Júlio de Matos Photography

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FADING HUTONGS (2005 - 2008)


FADING HUTONGS

Suddenly, without warning, I entered another dimension in space and time. I was no longer in the Beijing that I had known for almost a week. The great avenues had vanished, the memories of an Imperial past were not here. Instead of mirrored-glass skyscrapers, I found single-storey houses. Ten minutes earlier, I was crossing wide avenues with hundreds of anonymous people, but in this place I saw a village of neighbours with their street market, buying and selling chickens, fish, fruit, vegetables. As a Westerner, I still shudder to think about this sensation of travelling in time just around the corner. It was a Beijing still not enchanted by the foreigner or with progress, still jealously guarding its banal, everyday village life, which is ever more rare these days. I had the distinct impression that I was witnessing the end of an era that had inexplicably survived until now; that this type of place was incompatible with the other experiences of modernity and progress I had seen elsewhere in Beijing; that this place, with its peculiar form of physical and social organisation was threatened. So this was my first contact, in August 2005, with the Hutongs of south-east Beijing.

The Hutongs, the traditional Beijing streets, and the Siheyuan, the houses with their square patio that remind us of the urban vision of Kublai Khan, a contemporary of Marco Polo, are quickly disappearing. Beijing is going through an unequalled phase of rapid urban transformation due, above all, to the urban pressures caused by the accelerated economic development and by the approach of the 2008 Olympic Games. This very special landscape, and this unique, ancestral way of life are rapidly being obliterated forever. As an architect and photographer, the need to contribute to counter a loss in the collective memory in a personal, subjective way, became urgent and imperative for me; to visually glimpse the past before it gave way to the threat of an urban reality insufficiently valued in the present. This phenomenon is nothing new and has been felt in various ways on a global scale.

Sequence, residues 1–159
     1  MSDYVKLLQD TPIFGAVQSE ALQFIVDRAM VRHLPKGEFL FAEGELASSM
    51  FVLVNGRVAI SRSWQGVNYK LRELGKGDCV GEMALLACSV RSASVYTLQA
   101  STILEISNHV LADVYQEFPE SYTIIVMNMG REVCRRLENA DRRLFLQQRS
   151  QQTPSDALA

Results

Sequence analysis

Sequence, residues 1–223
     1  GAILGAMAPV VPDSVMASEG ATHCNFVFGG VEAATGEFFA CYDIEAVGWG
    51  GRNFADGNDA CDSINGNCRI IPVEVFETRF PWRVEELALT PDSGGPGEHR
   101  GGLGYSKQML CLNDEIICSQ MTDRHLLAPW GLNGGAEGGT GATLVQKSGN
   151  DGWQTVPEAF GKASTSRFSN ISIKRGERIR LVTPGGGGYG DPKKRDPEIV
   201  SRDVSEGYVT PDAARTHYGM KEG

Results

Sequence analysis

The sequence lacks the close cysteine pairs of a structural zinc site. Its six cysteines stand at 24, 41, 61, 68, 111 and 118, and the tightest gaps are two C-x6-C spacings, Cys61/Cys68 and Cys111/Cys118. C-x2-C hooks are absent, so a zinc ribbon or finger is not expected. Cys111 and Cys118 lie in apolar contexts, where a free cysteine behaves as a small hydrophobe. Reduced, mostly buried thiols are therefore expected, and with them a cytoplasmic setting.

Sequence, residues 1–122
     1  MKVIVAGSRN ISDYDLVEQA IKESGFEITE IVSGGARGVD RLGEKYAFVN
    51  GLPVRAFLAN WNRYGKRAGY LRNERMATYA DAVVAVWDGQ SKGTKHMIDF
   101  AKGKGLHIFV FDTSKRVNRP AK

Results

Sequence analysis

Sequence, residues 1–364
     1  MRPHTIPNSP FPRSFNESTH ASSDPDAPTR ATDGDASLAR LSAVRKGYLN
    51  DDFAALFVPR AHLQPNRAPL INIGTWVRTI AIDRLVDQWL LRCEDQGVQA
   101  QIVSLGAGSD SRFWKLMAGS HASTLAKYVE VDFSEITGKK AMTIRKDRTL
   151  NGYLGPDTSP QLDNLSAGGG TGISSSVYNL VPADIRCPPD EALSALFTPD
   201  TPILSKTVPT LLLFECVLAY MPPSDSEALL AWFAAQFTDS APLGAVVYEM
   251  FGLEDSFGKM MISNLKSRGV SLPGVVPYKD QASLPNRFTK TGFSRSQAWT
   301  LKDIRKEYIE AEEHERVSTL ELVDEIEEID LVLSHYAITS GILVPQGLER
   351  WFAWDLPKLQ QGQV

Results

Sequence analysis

Returning 5 months later, the market had already gone. Demolition was advancing rapidly. Just a few almost deserted streets and a handful of inhabitants remained. I went back twice more, in September 2006 and more recently in February 2008. I traipsed across and photographed Beijing and the Hutongs from North to South, from East to West. Now, where they survive, they are islands surrounded and camouflaged by new houses on the edges of the ocean of wide avenues. Where before, for centuries, the most eminent classes lived in grand detached houses, the normal inhabitants of Beijing today live in respectable but difficult conditions. Close to the Lama Temple I could observe the refurbishment of the various Siheyuan, and again a new change to the social landscape of the inhabitants of the Hutongs.

Times have changed. Young people’s faces reflect their urban contemporaneity, and their potential purchasing power takes them far from the Hutongs, to the suburbs, where they find houses more compatible with their aspirations for the future.

The May family lived in a Siheyuan. It had no luxuries, and was the most agreeable and harmonious house I had entered. They courteously agreed to be photographed. Recently, forced by a shared inheritance, they had to sell it and moved to an apartment in a high-rise tower. The father no longer plays chess in the street with his neighbours, and the mother’s only contact with her old friends is in an Internet chat room.

Despite its apparent modernity, this family, like all the others caught in this “time warp”, suffer with the move. An inner emptiness has settled in, that will take time to heal.

Júlio de Matos, 2006